5 Things About Opening Acts That Just Baffle Me

Serving as the warm up band at a concert—what a thankless job that’s gotta be. No one’s there to see you. Few people there have probably even heard of you, let alone care that you’re sweating buckets up there on stage. But hey, you have to start your career somewhere.

I’ve seen my share of opening acts over the past 10 years. During the first few years I lived in New York (back when I apparently had an endless amount of energy to expend) I attended, on average, a show a week, many of which I attended as “press,” as I would later write up a review of the show, complete with photos I’d taken. Nothing thrilled me more as a 22 year old than being able to tell the bouncer “My name’s on the list” (even though, to be honest, some of these lists contained as many names as a Russian novel). Regardless, I didn’t have to pay the 20+ bucks cover and got to see some quality music at well-known venues across Manhattan and Brooklyn.

In order for me to take quality photos, I’d have to be there when the venue doors opened, rush to stage, and plant myself there for the next 4 hours or so. For the first hour, it would be me, a couple of other photographers, and some Super Fans of the main act. Super Fans are easy to pick out just by looks alone, as they often resemble the band members; Hold Steady fans look like a gaggle of IT guys, Dum Dum Girls fans have dark, blunt bobs, and fans of the New York Dolls look like they’ve ingested more than a few illicit substances in their lives. The fellow press photographers were easy to distinguish as well, though more so because of their social skills than because of their physical appearance.

Me to some dude from Brooklyn Vegan: “Hey, I remember you! We met a few weeks ago at that Andrew Bird show!”

Dude: “Oh, right. Hi.”

Silence.

After an hour or so of such scintillating conversation, the warm up act would finally come on stage. (Well, that’s when they would make their “official” entrance; we’d all seen them act as their own roadies, adjusting instruments and amps for the previous half hour.) Though I’ve certainly experienced a wide range of opening bands over the years, I’d say that the quality of most of them range from “Meh” to “Dear God, Make It Stop.” There just seem to be some silly choices made by the bands themselves and the venues perhaps too, that really don’t help anyone. Many of these decisions quite simply baffle me.

Here are five things that truly confuse me when it comes to opening bands:

1. Why an opening band doesn’t always state their band name clearly and repeatedly during their set.

No one here knows who you are, so be sure to tell us. And don’t just mumble your name into the microphone a single time as you’re rushing off stage, enunciate it clearly after every song if you feel like it. Prop up a neon sign on stage with flashing lights that spell out your band’s name if you have to. Or even hire a hype man to yell it into a mic at 30-second intervals. Whatever it takes!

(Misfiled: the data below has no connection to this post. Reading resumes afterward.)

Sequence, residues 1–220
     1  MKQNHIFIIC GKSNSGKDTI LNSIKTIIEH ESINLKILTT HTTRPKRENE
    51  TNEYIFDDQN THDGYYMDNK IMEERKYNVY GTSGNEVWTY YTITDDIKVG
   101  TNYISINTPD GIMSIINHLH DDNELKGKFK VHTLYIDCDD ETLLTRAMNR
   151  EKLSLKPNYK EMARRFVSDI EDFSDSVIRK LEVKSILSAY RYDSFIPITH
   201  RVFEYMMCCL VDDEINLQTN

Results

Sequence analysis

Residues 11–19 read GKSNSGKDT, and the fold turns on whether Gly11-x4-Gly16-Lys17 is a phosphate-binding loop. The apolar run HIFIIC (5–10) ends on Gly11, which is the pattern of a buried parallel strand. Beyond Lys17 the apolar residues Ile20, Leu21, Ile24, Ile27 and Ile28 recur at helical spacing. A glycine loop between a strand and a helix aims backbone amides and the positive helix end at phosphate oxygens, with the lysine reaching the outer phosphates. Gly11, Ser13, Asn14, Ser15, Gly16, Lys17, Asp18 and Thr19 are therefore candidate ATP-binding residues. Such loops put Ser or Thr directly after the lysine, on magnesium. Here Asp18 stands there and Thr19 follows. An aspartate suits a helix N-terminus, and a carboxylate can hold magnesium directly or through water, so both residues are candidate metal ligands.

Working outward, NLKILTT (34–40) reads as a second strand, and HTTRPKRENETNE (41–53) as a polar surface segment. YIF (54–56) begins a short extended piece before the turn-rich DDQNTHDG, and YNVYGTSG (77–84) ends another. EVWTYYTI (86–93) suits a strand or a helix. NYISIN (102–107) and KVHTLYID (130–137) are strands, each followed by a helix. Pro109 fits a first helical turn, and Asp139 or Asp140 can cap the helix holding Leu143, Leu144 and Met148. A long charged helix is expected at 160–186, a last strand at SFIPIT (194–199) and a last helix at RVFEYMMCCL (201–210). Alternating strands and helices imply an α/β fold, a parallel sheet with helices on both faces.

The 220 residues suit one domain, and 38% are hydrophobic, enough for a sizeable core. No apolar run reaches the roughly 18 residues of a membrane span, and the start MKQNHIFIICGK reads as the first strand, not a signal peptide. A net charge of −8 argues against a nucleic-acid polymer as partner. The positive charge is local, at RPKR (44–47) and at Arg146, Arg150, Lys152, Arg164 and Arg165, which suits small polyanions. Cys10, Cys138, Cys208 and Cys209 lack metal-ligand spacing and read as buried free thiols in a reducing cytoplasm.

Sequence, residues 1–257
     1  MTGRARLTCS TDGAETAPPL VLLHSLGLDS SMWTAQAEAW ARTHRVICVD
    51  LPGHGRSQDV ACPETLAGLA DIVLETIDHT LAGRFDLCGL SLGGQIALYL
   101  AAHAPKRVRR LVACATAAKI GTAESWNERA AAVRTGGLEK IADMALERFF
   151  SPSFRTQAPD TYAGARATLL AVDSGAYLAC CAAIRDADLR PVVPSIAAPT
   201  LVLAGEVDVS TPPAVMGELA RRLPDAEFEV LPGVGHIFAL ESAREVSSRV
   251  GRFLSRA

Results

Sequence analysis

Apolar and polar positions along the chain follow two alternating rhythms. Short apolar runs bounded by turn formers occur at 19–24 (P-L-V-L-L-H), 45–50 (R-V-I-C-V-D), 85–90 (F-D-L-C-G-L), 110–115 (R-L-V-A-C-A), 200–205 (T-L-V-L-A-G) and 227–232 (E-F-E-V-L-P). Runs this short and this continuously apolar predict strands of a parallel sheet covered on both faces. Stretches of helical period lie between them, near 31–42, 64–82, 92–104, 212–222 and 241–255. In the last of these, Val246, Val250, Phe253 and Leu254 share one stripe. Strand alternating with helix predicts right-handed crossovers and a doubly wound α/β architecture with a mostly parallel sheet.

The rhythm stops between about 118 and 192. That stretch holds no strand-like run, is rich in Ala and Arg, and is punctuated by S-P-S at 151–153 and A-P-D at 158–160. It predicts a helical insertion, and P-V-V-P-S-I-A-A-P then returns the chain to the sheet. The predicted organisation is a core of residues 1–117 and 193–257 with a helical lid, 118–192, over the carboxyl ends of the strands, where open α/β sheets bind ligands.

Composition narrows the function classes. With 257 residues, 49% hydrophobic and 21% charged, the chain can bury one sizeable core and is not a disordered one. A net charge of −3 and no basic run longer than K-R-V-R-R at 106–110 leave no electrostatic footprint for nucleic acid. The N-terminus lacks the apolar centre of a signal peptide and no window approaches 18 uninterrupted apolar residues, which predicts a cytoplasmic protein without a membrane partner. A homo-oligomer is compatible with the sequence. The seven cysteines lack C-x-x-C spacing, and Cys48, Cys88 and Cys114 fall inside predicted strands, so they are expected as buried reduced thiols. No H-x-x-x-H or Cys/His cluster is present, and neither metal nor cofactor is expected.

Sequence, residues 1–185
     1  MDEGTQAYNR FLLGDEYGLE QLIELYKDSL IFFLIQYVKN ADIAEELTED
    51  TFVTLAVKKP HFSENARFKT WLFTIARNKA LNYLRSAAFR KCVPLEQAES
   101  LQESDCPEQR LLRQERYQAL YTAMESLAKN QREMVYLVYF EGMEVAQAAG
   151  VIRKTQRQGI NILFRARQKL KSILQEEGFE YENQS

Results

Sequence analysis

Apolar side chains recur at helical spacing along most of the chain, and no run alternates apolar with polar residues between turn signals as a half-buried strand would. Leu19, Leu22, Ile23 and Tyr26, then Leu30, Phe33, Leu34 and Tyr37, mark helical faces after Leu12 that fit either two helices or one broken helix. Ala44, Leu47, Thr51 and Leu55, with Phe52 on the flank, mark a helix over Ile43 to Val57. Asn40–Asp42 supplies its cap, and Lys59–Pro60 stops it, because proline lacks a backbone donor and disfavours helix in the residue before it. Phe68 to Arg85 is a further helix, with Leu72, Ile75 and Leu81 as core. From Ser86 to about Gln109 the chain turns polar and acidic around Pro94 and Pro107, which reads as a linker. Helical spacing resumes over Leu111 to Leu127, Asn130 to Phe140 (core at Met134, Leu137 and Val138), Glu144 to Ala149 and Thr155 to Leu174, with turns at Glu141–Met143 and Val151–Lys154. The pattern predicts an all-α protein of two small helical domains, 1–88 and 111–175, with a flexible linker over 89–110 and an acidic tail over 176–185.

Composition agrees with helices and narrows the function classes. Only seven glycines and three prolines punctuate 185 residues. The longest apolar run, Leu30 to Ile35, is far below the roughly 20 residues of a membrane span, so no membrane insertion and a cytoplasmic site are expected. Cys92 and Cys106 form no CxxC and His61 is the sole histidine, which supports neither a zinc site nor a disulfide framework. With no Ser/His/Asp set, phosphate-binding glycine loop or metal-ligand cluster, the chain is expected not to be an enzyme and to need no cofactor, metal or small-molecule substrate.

2. Why an opening band’s sound quality is usually terrible.

I’ve spent a lot of time thinking about this one in particular. Is the quality of the music terrible because they didn’t get a proper sound check? Or because the band just doesn’t know what they’re doing? Possibly it’s a combination of both. But when the opener sounds horrible, yet the main act comes out onto the same stage in the same venue an hour later and sounds amazing, it’s gotta be someone’s fault.

3. Why an opening band of a completely different musical genre from the headliner would get booked.

Though opening bands actually are often paired pretty nicely with their headliner, this certainly isn’t always the case. The time I saw Jack White at Barclays Center, he had hip hop duo Run the Jewels open for him. Talk about a head scratcher. As good as Run the Jewels may have been that night, no one in the venue could have cared less because they were there to hear blues-inspired rock music, not hip hop. Pick a genre, and stick with it!

4. Why an opening band would get a full minute into a song and then choose to start over because someone messed up a guitar lick.

This happened just last week at a show I attended at Brooklyn Steel. The British rock duo opening the evening (they were ok—not bad, not amazing) were about 3 or 4 songs into their set and the audience was surprisingly attentive. The vocalist/guitarist I guess was somehow displeased by her performance, so she yelled to her drummer to stop so that they could start over. They were a full minute into a song that no one there knew. Opening bands—if ya mess up, just keep going! No one’s going to know. 

5. Why they don’t try giving away promotional merch to audience members.

I get that up-and-coming bands don’t have a lot of (or any) cash to throw around, but it seems to me that it might be a good idea in the long run to get a couple hundred stickers printed with your band’s name on them and hand them out for free at the end of some concerts, maybe in even just a handful of cities, because a) people like free things like stickers b) people put stickers in places (on laptops, notebooks, car windows, random street posts) that other people who didn’t see your show will then see, c) people occasionally Google things they see on random stickers out of curiosity and might just come across your music. I’m not an expert, but this does not seem like a bad idea.

But hey, I’m just one person in the audience. It’s easy for me to sit here and criticize or offer unsolicited advice on the subject. I don’t know firsthand what it’s actually like to be in one of these young bands. So do whatever you need to do to keep rocking! You’ll headline one day. Or maybe you won’t. Maybe you’ll disappear into oblivion–the world’s a twisted place.

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